This is the book that includes Verdun and the Somme and Passchendaele, and Churchill is just as scathing about the tactics of the British and French generals as any anti-war poet. (In fact one chapter even uses a line from Siegfried Sassoon as an epigraph.) Some of this was self-serving, as Churchill was writing with his reputation in mind, arguing that his earlier ideas were right and that there should have been more effort put into tanks, or forcing the Dardanelles, or exotic amphibian attacks, instead of attempting again and again to send infantry in frontal attacks against fortified positions defended with barbed wire and concrete and machine guns. Even if it can't be taken at face value, though, in retrospect it seems largely right.

The anatomy of the battles of Verdun and the Somme was the same. A battlefield had been selected. Around this battlefield walls were built—double, triple, quadruple—of enormous cannon. Behind these railways were constructed to feed them, and mountains of shells were built up. All this was the work of months. Thus the battlefield was completely encircled by thousands of guns of all sizes, and a wide oval space prepared in their midst. Through this awful arena all the divisions of each army, battered ceaselessly by the enveloping artillery, were made to pass in succession, as if they were the teeth of interlocking cog-wheels grinding each other.

1/11 Miran Lipovača, Learn You a Haskell for Great Good!

An introductory Haskell tutorial. A big part of the book is basically about showing that monads aren't so scary.

1/10 Sir Arthur Conan Doyle, The Case-Book of Sherlock Holmes

“I fear that Mr. Sherlock Holmes may become like one of those popular tenors who, having outlived their time, are still tempted to make repeated farewell bows to their indulgent audiences. This must cease and he must go the way of all flesh, material or imaginary … And so, readers, farwell to Sherlock Holmes! I thank you for your past constancy, and can but hope that some return has been made in the shape of that distraction from the worries of life and stimulating change of thought which can only be found in the fairy kingdom of romance.”

This collection was the third time that Doyle attempted to write a last Sherlock Holmes story. This time he succeeded: The Case-Book of Sherlock Holmes was published in 1927, and Doyle died in 1930.

1/8 George O'Connor, Ares: Bringer of War

And for a graphic novel about the god of war, what other war could it be? This is basically a much abridged Iliad, starting with the wrath of Achilles and ending with the death of Hector, focusing on the role of the gods. The reason for Achilles's refusal to fight is left vague; Briseis isn't mentioned.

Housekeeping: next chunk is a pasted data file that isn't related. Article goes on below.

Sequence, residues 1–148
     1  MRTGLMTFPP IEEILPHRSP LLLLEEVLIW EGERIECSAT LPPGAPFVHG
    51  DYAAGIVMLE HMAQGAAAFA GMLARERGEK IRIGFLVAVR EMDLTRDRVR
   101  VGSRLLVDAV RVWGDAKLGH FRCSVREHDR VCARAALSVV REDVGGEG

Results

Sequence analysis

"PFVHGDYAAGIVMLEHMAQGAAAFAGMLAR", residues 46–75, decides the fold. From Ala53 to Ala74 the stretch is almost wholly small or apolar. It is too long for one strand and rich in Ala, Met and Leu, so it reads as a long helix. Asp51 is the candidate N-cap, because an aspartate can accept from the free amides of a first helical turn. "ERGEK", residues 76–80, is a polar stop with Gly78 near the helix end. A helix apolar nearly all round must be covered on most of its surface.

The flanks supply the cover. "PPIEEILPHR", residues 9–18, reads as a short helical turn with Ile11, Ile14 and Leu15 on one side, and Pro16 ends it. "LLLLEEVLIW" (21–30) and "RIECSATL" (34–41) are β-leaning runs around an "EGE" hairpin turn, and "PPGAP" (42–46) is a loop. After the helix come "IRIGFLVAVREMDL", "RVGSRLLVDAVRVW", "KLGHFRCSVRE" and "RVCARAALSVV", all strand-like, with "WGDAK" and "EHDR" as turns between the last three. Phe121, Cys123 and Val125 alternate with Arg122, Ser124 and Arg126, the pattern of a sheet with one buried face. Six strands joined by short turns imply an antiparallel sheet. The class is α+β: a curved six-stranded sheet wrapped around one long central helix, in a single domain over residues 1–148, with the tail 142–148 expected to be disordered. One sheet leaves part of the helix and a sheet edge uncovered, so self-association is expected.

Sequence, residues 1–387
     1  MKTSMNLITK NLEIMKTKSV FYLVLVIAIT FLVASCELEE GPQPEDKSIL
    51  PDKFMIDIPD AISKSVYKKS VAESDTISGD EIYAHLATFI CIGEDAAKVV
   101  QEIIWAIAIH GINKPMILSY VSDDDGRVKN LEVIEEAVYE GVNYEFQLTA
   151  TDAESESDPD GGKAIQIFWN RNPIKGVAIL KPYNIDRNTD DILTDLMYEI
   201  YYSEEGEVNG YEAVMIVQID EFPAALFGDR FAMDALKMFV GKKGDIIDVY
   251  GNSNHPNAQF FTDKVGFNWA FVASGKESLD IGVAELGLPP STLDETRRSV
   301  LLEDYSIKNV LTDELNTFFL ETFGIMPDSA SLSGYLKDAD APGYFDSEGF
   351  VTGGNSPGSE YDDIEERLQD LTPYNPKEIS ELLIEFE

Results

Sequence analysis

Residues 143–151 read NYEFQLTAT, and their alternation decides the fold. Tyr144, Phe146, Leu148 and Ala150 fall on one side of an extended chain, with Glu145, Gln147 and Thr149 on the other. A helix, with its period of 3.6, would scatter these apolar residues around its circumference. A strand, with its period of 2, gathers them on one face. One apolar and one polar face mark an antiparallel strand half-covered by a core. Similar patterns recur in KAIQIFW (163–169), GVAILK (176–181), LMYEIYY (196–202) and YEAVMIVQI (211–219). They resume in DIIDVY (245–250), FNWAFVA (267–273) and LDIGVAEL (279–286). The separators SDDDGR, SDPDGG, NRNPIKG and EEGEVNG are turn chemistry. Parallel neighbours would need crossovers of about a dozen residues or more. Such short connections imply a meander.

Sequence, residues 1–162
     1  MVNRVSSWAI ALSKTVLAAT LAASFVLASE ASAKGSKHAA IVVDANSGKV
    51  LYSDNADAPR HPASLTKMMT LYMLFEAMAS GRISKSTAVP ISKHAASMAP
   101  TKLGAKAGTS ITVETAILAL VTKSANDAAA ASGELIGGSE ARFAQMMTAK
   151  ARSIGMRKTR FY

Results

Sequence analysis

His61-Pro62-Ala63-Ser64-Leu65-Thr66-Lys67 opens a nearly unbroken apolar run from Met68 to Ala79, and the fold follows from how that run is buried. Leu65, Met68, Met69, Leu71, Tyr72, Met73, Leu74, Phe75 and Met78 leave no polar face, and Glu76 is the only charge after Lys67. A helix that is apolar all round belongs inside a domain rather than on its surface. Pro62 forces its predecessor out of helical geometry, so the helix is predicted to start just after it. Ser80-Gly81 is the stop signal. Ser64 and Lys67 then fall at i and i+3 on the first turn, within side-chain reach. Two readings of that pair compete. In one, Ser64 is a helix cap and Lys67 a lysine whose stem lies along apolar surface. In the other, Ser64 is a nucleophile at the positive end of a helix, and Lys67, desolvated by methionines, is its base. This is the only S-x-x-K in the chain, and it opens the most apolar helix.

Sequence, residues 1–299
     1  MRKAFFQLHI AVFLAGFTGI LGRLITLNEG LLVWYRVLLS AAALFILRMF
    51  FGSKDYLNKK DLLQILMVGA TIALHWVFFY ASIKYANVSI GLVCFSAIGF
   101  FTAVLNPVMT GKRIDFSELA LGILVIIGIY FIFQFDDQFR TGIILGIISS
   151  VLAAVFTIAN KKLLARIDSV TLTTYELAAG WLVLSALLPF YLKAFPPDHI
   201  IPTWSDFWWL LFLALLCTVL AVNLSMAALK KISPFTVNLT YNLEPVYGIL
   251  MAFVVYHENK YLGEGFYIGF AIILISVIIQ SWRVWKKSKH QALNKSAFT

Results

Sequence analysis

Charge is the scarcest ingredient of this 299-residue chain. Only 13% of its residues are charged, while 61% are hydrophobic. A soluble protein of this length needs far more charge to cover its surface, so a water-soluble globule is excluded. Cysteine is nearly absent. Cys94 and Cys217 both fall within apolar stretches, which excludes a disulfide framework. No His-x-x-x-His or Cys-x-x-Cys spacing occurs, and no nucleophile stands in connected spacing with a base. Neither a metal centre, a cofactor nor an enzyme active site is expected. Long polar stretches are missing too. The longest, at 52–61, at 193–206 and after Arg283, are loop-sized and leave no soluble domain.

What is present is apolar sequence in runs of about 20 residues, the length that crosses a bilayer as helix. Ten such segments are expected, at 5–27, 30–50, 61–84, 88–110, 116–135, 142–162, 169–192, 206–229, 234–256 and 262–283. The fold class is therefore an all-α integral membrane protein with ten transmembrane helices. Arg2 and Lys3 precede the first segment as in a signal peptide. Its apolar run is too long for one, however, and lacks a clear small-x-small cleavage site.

1/8 The Iliad (tr. Caroline Alexander)

  • Wrath—sing, goddess, of the ruinous wrath of Peleus' son Achilles,
  • that inflicted woes without number on the Achaeans,
  • hurled forth to Hades many strong souls of warriors
  • and rendered their bodies prey for the dogs,
  • for all birds, and the will of Zeus was accomplished;
  • sing from when they two first stood in conflict—
  • Atreus' son, lord of men, and godlike Achilles.
  • 1/1 Sir Arthur Conan Doyle, His Last Bow

    I imagine the title story in this collection was intended yet again as the last Sherlock Holmes story. It wasn't — there was one last collection in the late 20s — but it is the last story in internal chronology. Holmes, now in his 60s, is pulled out of retirement for one last case. The story was written in 1917 and takes place on 2 August 1914, and Holmes's case is just what you'd think given those dates.

    1/1 George O'Connor, Aphrodite: Goddess of Love

    Sixth book in the Olympians series of graphic novels, about half of which is Aphrodite's origin story (roughly the version from the Theogony). As the cover illustration suggests, this book also includes the wedding of Peleus and Thetis and the Judgment of Paris. Turns out it's a bad idea to have Eris, goddess of discord, as one of your wedding guests, but leaving her off the guest list isn't a great idea either.

    1/1 George O'Connor, Poseidon: Earth Shaker

    Fifth book in the Olympians series of graphic novels. Among other things it includes the the founding of Athens, the cyclops episode from the Odyssey, and Theseus and Ariadne and the Minotaur.

    Matt Austern